Mountain Mods Ascension PC Case


The fabrication division of Mountain Mods use an Amanda Gemini FO3015-NT (4000W) laser cutting machine to forge the majority of parts needed to build the cases. Because of the laser, each part is cut to precise measurements ensuring each panel fits together perfectly (something I will put to the test later in the review). Blemish free sheets of high grade Aluminium are loaded into the machine one at a time and are spewed out at the opposite end once the holes are cut.
Amanda gemini
The Amanda Gemini is cooled by the means of the extreme overclockers favourite liquid - LN2 (liquid Nitrogen). Sadly, the Ascension is aimed towards those who like to watercool but those huge bottles of LN2 certainly do look the business!
LN2 lazer
Once the panels are cut, they are stacked and ready to be drilled and counter sunk. When this is done, they are fed into the 'timersaver' one at a time, which gives the aluminium its brushed effect. All of the parts are brushed regardless of whether they are to end up as powder coated or anodised in finish.
cuts panel brush
With the various panels now brushed, they can be sent to the anodising orpowder coating department. Those panels that need moulding into shape with flanges etc are sent to the Amanda hydraulic press with each component again hand fed into the machine and then stacked ready for collection.
press brace
After the panels have been bent into shape with all the relevant flanges correctly pressed, the units are ready to have their threaded inserts fixed using a Haegar 618 insert machine. All of the hand work that goes into the process really is astonishing and it's also reassuring that a robot is not responsible for making your case as any errors in production can be clearly identified and slung into the recycling bin before it gets to you.
ready for rivets inserting
With all of the parts now prepared, it's time for the last stage before it goes to powder coating. Little rubber plugs are used in the holes to ensure the threads are not clogged in the powder coating process. Once this is complete, the parts are cleaned of any foreign material, hung from a rack and sprayed with powder (if you are having the parts powder coated that is). The powder is attracted to the parts because they're positively charged by the powder gun and the case components, because they are earthed, attract these positively charged particles so that the powder particles 'stick' to the case.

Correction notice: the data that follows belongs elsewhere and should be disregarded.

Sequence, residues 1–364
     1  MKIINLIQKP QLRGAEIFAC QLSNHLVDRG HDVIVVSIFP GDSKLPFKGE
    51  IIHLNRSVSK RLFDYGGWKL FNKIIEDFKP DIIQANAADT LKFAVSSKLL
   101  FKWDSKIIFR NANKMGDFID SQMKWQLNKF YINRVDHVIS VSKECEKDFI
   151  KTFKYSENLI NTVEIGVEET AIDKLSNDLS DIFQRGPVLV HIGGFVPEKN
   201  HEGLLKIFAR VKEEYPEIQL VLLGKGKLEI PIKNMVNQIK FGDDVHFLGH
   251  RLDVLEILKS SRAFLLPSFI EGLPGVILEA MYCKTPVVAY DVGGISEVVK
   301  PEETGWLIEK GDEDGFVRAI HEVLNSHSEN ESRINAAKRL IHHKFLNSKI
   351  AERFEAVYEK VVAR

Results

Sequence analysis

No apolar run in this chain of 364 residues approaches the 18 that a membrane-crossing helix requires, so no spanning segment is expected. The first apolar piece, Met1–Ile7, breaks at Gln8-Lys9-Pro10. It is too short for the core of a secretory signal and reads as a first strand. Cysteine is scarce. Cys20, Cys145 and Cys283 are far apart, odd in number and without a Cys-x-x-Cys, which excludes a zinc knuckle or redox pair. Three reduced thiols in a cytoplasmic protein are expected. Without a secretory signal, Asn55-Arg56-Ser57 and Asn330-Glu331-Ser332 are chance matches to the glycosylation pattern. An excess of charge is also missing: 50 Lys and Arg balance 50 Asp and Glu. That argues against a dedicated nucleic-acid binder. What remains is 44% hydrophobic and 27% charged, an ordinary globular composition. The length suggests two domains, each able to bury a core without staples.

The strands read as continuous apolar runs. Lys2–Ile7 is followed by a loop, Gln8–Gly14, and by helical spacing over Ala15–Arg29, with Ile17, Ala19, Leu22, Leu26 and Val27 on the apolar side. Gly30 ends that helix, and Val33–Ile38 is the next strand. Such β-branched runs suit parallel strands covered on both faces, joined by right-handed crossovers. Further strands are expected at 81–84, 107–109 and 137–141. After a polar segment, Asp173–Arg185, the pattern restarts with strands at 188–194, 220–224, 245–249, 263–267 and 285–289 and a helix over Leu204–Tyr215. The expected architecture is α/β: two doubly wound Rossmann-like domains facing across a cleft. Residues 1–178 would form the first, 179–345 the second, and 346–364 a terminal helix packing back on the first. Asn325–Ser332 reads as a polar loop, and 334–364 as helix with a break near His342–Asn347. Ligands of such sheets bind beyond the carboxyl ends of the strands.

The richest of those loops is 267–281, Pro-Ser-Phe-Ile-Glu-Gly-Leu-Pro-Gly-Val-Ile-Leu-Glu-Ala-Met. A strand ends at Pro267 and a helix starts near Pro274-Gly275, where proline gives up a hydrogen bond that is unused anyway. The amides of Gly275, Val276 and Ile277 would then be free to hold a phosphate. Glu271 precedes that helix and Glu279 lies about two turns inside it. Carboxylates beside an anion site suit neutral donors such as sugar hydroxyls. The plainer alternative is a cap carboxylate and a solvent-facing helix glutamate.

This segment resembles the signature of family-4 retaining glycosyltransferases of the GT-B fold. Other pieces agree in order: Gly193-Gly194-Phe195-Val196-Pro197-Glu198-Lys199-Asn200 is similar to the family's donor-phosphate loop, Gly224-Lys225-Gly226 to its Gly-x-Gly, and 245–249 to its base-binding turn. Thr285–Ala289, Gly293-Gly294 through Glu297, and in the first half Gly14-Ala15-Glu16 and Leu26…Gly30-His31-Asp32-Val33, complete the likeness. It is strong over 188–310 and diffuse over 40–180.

plugs spray
With all of the components powdered, they are sent to be cooked in the powder coating oven for thirty minutes at 300 degrees. After the baking process is completed, the parts are left to cool off completely before being sent to the packing and distribution section.
oven cooling off
The whole process is overseen by human eyes which is very re-assuring and while the major cutting is done by machine, each part is inspected throughout the fabrication process for any errors. Because of the human factors involved, cost is inevitably affected but quality control should not be an issue thanks to the hoards of staff checking, rechecking and checking again before the product is sent out to the consumer.
Let's see how the ordering process is navigated...
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Most Recent Comments

07-05-2009, 12:33:48

I'm really not a fan of Mountain Mods cases...they're a bit 'boring' for me =s I mean, its just a big metal box with a load of holes cut in it Quote

07-05-2009, 13:00:12

Isn't that the same with all cases? That is of course unless you like a case with a plastic faciaQuote

07-05-2009, 13:04:31

They are the ultimate 'big case' really. Perfect if you want to use multiple PC's and/or watercool the hell outta both of them!Quote

07-05-2009, 13:04:44

At least *most* other cases have style and/or mesh :PQuote

07-05-2009, 13:10:29

Great review Rich. I like how you go into detail about the manufacturing process. Probably won't be rushing out to buy one though, a little bit pricey for me.Quote

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